Yet in one sense we do . Notice how the network never throws anything away . Business model development is circular , as with much else in a world where there is no maturity , just renewal . So when I get a question about lead generation as an advertising business model on the web , I am bound to go back five years to a time when , in the US , lead gen was being seen as the saviour of the online advertising world . And why does online advertising need a saviour ? Because although it has grown persistently through the decline of print advertising , it is still a small , low margin sector of the economic activity of the web , once you have factored Google out of the equation . And , if you believe what I have written about speed of change , then you must factor in the decline of Google , and its replacement by a semantic-based atlternative  brewing even now in a garage near Bangalore .


Lead generation came about because its progenitors sought better than CPM returns , less dependence on search engines and more value-add to procure loyalty – stickiness . But just as the print yellow page players have never made an online impact commensurate with their offline power , so the lead gen players have never made an impact that measured up to the role that we designed for them five years ago . And part of the reason for this is another marked web behaviour model – the limitations the network seems to place on competitive replacement of aligned business models .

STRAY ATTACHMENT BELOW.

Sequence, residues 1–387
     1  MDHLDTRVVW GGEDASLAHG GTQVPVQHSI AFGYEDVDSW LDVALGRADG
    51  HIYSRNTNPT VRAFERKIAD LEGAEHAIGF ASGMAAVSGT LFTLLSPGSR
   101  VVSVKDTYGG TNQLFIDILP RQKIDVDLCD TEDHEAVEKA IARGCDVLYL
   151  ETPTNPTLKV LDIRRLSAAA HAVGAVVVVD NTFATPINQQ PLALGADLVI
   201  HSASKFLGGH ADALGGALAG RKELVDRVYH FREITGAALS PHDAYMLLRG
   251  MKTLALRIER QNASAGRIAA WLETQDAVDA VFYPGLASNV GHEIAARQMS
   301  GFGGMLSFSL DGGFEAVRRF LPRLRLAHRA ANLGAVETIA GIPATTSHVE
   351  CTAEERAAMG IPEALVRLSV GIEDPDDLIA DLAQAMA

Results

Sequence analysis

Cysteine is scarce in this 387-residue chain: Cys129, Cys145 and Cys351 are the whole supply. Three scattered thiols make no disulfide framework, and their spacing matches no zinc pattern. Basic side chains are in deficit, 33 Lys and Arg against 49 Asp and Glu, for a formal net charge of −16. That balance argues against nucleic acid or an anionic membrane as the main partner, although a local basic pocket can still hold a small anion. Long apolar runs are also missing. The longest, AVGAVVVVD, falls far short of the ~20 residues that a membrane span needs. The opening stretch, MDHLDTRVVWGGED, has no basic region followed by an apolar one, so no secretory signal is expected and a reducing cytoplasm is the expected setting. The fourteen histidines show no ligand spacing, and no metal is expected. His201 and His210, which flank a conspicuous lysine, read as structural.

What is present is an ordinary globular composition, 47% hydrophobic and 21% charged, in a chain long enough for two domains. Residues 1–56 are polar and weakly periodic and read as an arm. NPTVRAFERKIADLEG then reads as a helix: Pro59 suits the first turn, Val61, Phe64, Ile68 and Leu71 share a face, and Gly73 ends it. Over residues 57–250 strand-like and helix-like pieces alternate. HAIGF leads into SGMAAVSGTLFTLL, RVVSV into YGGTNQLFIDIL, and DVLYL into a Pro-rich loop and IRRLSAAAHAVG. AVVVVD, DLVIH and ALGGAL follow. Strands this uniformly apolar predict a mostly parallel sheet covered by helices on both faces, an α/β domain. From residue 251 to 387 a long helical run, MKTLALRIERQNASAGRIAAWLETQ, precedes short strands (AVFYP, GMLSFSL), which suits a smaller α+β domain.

I need to unwrap that .I can do so by saying that in the mid-’90s I was one who proclaimed that a thousand business models would now flower on the web , and that users would pick the best , and then the better as it appeared , and so on in a frenzy of service choice activity . Well , I was wrong . What appears to have happened is that users chose , in every class of service , the best of its class , and then another , and while many more then appeared with enhancements , they stayed very loyal to those first choices , and many networked marketplaces became duopolistic as a result . And then , when a definite break with the old and still satisfactory services  took place , it occurred because of market disruption from a new ( and usually technological ) market activity . These duopolies , while they should have been a market stabilizing activity , now show signs of breaking down more speedily .Bear in mind too that technologies are getting cheaper , and technology spend has rarely , if ever , been a barrier to entry .